-While there is a great array of spells available, in reality there are not that many that are useful, and only a handful will actually be used in most situations. A more even power-level between spells would have made combat more interesting as it would not be so obvious what spell to use.

-The player could have better control of movement in combat. You can only choose the enemy you wish to attack for example, not the square you wish to attack him from. This means that you cannot position yourself tactically between two enemies in order to prevent them from using spells or missile weapons for example.

-Patrus. This magician, joining your party in chapter 5(?), is so incredibly weak you'd actually be better off without him. He is so slow that he will never be able to move until an enemy has closed him down, making it impossible for him to cast spells. His combat stats are also so poor that he often gets himself injured or killed, forcing you to spend time and money healing him. His stealth is also so poor that it is important to ambush enemies and get the initiative. It sort of fits with him being an old man, but it is very annoying. It also feels strange from a story-perspective: Why on earth would the other members of the party go into combat with this old man? Just leave him safe behind a tree or something and call upon him when you need him to translate runes.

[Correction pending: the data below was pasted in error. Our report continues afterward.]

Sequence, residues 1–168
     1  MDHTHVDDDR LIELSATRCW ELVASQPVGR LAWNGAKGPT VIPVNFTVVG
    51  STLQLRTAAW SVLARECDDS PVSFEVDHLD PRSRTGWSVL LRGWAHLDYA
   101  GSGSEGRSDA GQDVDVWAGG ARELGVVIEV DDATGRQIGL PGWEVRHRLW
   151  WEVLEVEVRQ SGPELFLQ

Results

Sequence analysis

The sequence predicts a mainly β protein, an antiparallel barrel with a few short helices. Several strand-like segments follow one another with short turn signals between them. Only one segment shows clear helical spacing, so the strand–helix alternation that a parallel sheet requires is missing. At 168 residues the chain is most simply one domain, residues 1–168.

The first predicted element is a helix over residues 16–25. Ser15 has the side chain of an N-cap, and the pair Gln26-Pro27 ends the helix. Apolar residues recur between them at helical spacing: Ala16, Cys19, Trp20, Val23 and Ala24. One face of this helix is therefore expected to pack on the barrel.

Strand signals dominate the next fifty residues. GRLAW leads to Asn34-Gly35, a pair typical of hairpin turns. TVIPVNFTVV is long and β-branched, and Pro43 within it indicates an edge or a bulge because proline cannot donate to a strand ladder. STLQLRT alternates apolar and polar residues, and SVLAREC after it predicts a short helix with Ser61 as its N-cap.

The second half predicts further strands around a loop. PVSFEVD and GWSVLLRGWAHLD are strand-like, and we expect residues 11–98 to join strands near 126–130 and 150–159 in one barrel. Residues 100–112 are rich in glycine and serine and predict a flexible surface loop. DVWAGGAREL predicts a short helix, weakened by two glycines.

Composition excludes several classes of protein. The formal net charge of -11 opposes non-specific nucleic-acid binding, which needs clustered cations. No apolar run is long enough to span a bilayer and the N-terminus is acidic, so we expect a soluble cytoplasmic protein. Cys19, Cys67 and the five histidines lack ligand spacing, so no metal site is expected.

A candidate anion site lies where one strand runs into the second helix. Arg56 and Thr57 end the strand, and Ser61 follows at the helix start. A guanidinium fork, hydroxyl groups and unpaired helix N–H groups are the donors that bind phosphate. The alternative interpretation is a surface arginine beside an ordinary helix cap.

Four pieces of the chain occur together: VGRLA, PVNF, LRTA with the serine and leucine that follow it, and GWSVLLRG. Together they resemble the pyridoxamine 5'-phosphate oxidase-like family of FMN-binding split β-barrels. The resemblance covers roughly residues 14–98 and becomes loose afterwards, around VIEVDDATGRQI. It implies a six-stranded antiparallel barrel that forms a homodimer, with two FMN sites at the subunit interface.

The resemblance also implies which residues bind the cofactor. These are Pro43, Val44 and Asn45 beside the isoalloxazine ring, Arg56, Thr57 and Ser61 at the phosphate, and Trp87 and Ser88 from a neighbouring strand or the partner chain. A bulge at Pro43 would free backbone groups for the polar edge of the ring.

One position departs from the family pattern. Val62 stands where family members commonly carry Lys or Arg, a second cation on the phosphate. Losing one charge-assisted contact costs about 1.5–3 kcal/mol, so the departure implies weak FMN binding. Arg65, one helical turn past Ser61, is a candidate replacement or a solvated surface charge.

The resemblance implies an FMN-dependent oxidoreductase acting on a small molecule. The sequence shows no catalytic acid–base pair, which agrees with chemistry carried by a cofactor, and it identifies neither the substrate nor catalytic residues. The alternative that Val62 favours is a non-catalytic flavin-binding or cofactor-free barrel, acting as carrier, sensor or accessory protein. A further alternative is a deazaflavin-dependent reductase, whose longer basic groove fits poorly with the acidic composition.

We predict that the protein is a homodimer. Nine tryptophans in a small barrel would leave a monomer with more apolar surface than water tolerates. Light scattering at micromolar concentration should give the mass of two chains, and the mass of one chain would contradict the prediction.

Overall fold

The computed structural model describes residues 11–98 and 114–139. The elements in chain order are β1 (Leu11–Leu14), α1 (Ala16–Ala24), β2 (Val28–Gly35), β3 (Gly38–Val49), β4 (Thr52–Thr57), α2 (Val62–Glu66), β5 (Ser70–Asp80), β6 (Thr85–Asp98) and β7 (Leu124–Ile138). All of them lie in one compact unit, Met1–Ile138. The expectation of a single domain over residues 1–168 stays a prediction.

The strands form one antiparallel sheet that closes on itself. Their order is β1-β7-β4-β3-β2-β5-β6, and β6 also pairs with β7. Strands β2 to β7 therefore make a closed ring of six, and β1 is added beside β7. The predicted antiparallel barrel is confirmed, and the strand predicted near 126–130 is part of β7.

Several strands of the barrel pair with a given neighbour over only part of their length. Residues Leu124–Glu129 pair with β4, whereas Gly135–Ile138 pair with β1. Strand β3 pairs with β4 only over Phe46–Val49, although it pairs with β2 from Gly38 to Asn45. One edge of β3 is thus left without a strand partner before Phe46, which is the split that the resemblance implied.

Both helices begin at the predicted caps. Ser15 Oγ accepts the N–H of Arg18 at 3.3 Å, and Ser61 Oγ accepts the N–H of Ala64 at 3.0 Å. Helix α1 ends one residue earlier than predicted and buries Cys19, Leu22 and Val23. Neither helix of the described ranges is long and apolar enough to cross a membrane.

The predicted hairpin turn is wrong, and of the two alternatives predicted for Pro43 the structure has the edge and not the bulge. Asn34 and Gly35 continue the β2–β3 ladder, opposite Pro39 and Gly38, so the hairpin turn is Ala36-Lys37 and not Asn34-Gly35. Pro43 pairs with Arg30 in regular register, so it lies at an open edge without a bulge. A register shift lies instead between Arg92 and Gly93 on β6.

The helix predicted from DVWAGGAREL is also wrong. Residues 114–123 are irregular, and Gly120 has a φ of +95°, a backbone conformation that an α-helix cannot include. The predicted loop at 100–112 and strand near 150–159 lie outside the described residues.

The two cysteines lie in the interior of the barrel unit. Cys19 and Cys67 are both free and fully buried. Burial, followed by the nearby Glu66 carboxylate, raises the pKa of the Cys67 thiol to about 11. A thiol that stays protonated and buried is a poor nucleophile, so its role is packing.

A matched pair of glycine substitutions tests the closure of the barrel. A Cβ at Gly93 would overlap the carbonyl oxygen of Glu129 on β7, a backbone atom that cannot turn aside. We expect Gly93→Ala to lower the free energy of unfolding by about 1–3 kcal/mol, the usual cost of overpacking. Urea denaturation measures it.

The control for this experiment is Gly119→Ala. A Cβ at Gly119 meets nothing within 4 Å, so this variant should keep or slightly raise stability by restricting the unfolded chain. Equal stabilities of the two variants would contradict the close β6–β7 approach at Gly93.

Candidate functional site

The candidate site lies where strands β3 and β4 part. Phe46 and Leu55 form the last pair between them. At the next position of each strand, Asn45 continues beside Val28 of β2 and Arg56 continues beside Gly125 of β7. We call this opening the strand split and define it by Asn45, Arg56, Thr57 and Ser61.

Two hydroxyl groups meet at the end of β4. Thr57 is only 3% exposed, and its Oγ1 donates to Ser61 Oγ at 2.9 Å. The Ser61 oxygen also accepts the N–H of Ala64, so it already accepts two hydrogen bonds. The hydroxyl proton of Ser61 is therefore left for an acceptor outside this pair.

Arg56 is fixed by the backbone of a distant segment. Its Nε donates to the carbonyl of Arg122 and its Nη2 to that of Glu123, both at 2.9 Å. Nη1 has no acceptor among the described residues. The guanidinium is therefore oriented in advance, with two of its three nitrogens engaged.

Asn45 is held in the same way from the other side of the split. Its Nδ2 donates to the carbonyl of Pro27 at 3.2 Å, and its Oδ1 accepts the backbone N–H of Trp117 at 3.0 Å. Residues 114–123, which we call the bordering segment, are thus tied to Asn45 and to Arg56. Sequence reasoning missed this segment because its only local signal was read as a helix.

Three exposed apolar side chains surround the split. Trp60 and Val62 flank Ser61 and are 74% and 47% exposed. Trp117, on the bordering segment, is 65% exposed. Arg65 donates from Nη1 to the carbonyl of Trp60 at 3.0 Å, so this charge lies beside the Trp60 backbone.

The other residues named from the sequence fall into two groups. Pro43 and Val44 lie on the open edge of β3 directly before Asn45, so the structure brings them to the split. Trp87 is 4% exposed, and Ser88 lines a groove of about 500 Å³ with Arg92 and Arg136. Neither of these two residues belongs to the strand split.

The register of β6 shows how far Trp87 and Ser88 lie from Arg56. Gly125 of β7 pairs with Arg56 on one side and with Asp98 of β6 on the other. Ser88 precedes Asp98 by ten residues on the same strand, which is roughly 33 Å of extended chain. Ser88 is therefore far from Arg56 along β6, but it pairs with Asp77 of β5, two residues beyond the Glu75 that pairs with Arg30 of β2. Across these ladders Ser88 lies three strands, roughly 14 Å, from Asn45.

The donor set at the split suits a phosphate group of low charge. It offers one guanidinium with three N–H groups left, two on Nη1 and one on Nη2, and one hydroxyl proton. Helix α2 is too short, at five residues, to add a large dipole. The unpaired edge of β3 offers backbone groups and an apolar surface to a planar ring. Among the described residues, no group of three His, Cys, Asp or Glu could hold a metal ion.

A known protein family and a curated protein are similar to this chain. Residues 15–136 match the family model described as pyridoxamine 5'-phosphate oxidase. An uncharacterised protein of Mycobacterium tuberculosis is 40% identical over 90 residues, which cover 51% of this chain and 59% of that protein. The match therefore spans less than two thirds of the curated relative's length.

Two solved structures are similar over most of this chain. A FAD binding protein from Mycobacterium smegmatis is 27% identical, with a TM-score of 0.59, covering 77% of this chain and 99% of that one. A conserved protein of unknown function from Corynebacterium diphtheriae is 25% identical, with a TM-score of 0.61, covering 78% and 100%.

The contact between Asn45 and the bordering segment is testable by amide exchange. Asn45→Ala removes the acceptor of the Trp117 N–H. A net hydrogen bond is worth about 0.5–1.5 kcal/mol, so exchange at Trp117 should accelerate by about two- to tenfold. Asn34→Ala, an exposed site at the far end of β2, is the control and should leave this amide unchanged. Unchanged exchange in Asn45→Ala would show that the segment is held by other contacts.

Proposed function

The Bottom Line
Despite the few drawbacks (and remember that this time I played actively looking for drawbacks, and that the game is an early example of its kind), this is an absolutely amazing game.